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Author Topic: Beachcomber's Tales from the day  (Read 52799 times)

Offline beachcomber

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Re: Beachcomber's Tales from the day
« Reply #30 on: Nov 23, 2010, 11:19:50 »
HELP !!!!!!!!!!!!!!!! as the original self confessed computer dummy - can I write the story up in say Word and then attach it on the forum? Just makes it easier for me to sit and compose the stories - maybe 2 or 3 in one evening and post them as required.

TJ
"if at first you don't succeed, you've already been a failure once"

" we're not going back to the sixties - we never left "

"yep, nostalgia ain't what it used to be"

"I used to be indecisive - now I'm not so sure"

Offline tWistedWheelz

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Re: Beachcomber's Tales from the day
« Reply #31 on: Nov 23, 2010, 12:56:53 »
HELP !!!!!!!!!!!!!!!! as the original self confessed computer dummy - can I write the story up in say Word and then attach it on the forum? Just makes it easier for me to sit and compose the stories - maybe 2 or 3 in one evening and post them as required.

TJ

Just type it up in word, then copy all the text and paste it in the post reply box.

to copy and paste, highlight all the text in word, hit ctrl + C, then click in the post reply box on DTT and press ctrl + V

Offline beachcomber

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Re: Beachcomber's Tales from the day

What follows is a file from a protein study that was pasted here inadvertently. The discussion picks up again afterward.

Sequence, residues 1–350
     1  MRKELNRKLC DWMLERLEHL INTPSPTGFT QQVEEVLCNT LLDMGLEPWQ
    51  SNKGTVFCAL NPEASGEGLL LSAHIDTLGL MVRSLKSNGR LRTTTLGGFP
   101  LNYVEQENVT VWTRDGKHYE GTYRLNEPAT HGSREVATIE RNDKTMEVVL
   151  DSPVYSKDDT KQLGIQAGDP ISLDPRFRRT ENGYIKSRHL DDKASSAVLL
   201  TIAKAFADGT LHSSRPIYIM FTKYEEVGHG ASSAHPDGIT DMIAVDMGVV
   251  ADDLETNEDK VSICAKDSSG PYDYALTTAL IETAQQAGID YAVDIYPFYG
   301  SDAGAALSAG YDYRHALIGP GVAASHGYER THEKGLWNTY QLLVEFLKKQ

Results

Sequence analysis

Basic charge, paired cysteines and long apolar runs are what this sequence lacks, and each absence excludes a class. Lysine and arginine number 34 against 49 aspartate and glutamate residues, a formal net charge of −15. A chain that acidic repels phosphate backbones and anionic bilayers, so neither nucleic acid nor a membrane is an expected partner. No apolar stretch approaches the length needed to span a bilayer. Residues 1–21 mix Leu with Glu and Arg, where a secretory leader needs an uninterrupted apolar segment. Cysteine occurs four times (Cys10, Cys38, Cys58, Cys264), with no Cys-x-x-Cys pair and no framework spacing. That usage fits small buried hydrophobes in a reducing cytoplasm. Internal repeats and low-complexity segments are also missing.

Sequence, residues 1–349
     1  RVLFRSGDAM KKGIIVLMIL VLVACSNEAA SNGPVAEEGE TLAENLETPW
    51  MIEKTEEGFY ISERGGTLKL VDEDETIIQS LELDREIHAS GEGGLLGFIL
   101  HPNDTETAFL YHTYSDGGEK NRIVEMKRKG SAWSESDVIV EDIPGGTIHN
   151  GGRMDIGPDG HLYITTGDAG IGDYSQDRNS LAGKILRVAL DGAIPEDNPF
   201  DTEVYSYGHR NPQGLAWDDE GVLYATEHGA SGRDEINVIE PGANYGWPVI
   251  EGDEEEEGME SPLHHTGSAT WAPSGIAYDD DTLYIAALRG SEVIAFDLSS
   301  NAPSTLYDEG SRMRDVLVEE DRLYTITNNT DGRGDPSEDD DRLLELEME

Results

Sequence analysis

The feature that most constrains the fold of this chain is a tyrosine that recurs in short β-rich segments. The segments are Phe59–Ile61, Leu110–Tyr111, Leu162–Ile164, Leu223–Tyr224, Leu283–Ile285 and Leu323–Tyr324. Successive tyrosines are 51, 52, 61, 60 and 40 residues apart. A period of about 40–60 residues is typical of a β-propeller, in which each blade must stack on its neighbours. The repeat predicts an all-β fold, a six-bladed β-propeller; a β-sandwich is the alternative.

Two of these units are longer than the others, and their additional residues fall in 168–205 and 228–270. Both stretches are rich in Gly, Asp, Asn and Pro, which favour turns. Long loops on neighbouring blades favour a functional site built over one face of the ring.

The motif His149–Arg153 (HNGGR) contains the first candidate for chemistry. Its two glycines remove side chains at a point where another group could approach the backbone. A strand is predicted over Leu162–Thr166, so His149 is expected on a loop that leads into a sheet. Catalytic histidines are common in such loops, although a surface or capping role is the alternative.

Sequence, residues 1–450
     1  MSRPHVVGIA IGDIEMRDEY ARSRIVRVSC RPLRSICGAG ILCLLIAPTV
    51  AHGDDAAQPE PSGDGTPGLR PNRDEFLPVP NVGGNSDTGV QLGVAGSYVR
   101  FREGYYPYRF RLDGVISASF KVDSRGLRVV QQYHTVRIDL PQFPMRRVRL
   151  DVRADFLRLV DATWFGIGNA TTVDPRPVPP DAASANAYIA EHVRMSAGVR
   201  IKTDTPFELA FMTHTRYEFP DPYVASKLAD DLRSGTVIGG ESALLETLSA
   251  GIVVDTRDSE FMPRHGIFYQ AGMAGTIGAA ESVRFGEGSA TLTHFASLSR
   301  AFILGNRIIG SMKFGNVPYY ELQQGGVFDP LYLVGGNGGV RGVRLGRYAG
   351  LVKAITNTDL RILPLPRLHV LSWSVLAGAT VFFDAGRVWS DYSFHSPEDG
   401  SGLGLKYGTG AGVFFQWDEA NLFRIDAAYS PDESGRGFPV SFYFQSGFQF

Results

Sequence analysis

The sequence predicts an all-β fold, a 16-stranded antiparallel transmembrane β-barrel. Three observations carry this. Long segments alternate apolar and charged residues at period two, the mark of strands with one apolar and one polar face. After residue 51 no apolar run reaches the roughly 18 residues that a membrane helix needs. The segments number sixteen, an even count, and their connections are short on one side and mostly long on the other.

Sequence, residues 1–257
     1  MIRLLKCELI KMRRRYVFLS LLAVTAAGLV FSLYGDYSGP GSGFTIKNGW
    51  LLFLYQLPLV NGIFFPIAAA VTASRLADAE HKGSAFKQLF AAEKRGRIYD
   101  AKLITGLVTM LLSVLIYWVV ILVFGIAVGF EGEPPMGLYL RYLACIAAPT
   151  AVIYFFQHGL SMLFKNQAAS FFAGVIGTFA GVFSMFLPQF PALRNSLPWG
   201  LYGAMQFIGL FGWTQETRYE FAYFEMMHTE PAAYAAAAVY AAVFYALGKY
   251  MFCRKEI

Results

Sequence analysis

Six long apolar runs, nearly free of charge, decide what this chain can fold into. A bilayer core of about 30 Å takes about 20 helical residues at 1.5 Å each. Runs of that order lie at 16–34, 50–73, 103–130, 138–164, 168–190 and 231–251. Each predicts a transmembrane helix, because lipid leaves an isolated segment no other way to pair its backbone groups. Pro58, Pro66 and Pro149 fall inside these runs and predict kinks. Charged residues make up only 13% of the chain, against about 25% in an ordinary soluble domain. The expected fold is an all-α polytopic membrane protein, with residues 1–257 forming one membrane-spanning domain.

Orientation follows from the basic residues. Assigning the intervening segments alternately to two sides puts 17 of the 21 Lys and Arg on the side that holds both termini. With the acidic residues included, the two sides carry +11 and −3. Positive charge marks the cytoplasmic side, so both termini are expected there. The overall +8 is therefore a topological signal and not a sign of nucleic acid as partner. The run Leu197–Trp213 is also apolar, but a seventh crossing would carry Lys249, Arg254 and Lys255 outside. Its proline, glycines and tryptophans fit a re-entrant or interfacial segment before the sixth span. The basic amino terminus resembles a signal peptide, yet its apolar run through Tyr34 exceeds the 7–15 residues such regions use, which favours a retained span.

« Reply #32 on: Nov 23, 2010, 18:01:11 »
Easy when you know how eh ??
Many thanx for that  TW - it means I can work on several stories and then just post as required.

TJ
"if at first you don't succeed, you've already been a failure once"

" we're not going back to the sixties - we never left "

"yep, nostalgia ain't what it used to be"

"I used to be indecisive - now I'm not so sure"

Offline Garage Rat

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Re: Beachcomber's Tales from the day
« Reply #33 on: Nov 23, 2010, 18:41:38 »
Do I hear the makings of a book?
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Offline beachcomber

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Re: Beachcomber's Tales from the day
« Reply #34 on: Nov 24, 2010, 06:31:42 »
Hey BR - that's often been said to me !

My life has been blessed with "happenings" - I've been privileged to meet, work with and even be on first name terms with some of the legends of the automotive movement, both in the UK and the US. I've worked on some VERY high profile projects and most of my designs are still being produced.

I've had what might be termed a "full life" - made a lot of money - lost a lot of money - but always [ nearly ] had the help of a good woman - 1st one turned out to be a bitch - second was a soulmate, but not destined to last and now Mrs. B the 3rd - she's the one and next year [ February ]  is our 30th Anniversary. Huh, and they said it wouldn't last.

It's said we ALL have a book in us - well, I probably have several, but one I AM writing [ and taking WAY too long ] is about the life [ very short ] and exploits of my Uncle Harold - who joined up for WW2 at 16, fought in North Africa [ Para ] and came back to fight through D-Day and beyond and died just 18 years old. See www.operationpaddle.com. for more info. That one takes priority and should be finished next year.

As far as a bike book is concerned, the biggest problem is that the first Mrs. B. torched ALL my photos, magazines and memoribilia from the late 50's through to the late 60's............................

That said, I WILL keep all the Beachcomber Tales together in a file !!

What IS an inspiration these days - is the enthusiasm leaping out of this forum - sure it HAS RAISED SOME ROSE TINTED GOGGLE MOMENTS FOR ME, BUT AS SOON AS THAT GOES TO BEING THE RAMBLINGS OF A BORING OLD FART - LET ME KNOW AND I'LL GRACEFULLY RETIRE MYSELF.
"if at first you don't succeed, you've already been a failure once"

" we're not going back to the sixties - we never left "